12 July 1980: The first McDonnell Douglas KC-10A Extender, serial number 79-0433, made its first flight at Long Beach, California with company test pilots Walt Smith and George Jansen, flight engineer Leo Hazell, and flight test engineer Guy Lowery.
Based on the DC-10-30CF commercial transport, this aerial tanker can carry 356,000 pounds of fuel (161,479 kilograms). Using a “flying boom” to refuel Air Force aircraft in flight, it also is equipped with “hose and drogue” system to refuel U.S. Navy and Marine airplanes. Both systems can be used simultaneously. The KC-10A can also carry cargo pallets, or combination of personnel and cargo.
The McDonnell Douglas KC-10A Extender is operated by a flight crew of four. It is 181 feet, 7 inches (54.347 meters) long with a wingspan of 165 feet, 4 inches (50.394 meters) and height of 58 feet, 7 inches (17.856 meters). The tanker has an empty weight of 241,027 pounds (109,328 kilograms) and maximum takeoff weight (MTOW) of 590,000 pounds (267,620 kilograms).
The KC-10A is powered by three commercial General Electric CF6-50C2 turbofan engines, flat-rated at 52,500 pounds of thrust (233.532 kilonewtons), each. The CF6-50C2 is a two-spool, high-bypass-ratio axial-flow turbofan engine. It has a single-stage fan, 17-stage compressor section (3 low- and 14 high-pressure stages), and a 6-stage turbine (2 high- and 4 low-pressure stages). The fan has a diameter of 86.0 inches (2.184 meters) and produces 73% of the engine’s total power at full rated thrust. The CF6-50C2 has a diameter of 105.0 inches (2.667 meters), a length of 183.0 inches (4.648 meters), and weighs 8,731 pounds (3,960.3 kilograms).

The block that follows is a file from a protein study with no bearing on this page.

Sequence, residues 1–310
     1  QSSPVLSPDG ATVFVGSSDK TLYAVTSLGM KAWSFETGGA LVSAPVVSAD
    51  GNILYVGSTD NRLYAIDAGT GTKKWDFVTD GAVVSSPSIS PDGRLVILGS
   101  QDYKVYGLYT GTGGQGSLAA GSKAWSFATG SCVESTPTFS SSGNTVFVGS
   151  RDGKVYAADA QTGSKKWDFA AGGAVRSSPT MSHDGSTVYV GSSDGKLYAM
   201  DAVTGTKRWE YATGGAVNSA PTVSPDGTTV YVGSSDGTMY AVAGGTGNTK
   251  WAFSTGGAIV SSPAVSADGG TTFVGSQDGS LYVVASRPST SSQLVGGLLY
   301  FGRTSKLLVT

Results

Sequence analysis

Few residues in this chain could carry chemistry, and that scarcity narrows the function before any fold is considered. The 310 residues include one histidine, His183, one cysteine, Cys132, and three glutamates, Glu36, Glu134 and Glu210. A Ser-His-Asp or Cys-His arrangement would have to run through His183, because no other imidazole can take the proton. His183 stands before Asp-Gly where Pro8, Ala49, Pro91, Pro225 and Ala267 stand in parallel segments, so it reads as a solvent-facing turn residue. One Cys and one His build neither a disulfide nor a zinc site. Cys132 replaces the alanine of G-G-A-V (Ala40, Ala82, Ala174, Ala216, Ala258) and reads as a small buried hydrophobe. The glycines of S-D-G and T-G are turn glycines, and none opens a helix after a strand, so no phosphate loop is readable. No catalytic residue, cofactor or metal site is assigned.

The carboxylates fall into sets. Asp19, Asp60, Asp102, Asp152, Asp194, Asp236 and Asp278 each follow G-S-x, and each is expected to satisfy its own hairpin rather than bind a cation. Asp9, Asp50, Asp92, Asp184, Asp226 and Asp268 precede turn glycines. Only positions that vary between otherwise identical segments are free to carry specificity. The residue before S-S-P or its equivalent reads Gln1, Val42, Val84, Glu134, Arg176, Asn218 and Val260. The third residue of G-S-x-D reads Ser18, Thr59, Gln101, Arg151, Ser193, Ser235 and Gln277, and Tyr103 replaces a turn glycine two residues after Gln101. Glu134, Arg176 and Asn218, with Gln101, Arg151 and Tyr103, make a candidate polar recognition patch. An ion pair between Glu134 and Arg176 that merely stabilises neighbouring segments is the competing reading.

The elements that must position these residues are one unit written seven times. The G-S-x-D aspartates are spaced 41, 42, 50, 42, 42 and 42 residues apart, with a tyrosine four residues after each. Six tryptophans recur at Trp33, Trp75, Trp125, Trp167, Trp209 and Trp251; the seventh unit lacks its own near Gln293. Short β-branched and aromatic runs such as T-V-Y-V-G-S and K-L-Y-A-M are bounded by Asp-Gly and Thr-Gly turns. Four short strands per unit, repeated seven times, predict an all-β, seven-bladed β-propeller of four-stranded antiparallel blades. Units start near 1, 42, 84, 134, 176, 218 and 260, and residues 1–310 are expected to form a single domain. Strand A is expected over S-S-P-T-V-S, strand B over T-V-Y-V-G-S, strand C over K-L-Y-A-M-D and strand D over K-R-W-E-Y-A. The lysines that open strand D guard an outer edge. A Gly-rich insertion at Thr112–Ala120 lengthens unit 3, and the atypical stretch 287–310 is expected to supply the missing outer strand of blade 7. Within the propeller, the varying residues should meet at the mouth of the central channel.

The KC-10A has a maximum speed of 0.89 Mach (619 miles per hour, 996 kilometers per hour). Its service ceiling is 42,000 feet (12,802 meters). Range is 4,400 miles (7,081 kilometers).
Though over 400 of the original 732 Boeing KC-135 Stratotankers remain in service (the last one was accepted by the Air Force in 1964), the fleet of KC-10s provide greater fuel capacity and much longer range. Boeing had submitted a tanker version of its 747 commercial transport, however the KC-10 was selected primarily because it could operate from shorter runways. McDonnell Douglas built 60 KC-10s for the U.S. Air Force and 2 similar KDC-10s for The Netherlands.
Thirty-eight years later, McDonnell Douglas KC-10A 79-0433 is still in service.
© 2018, Bryan R. Swopesby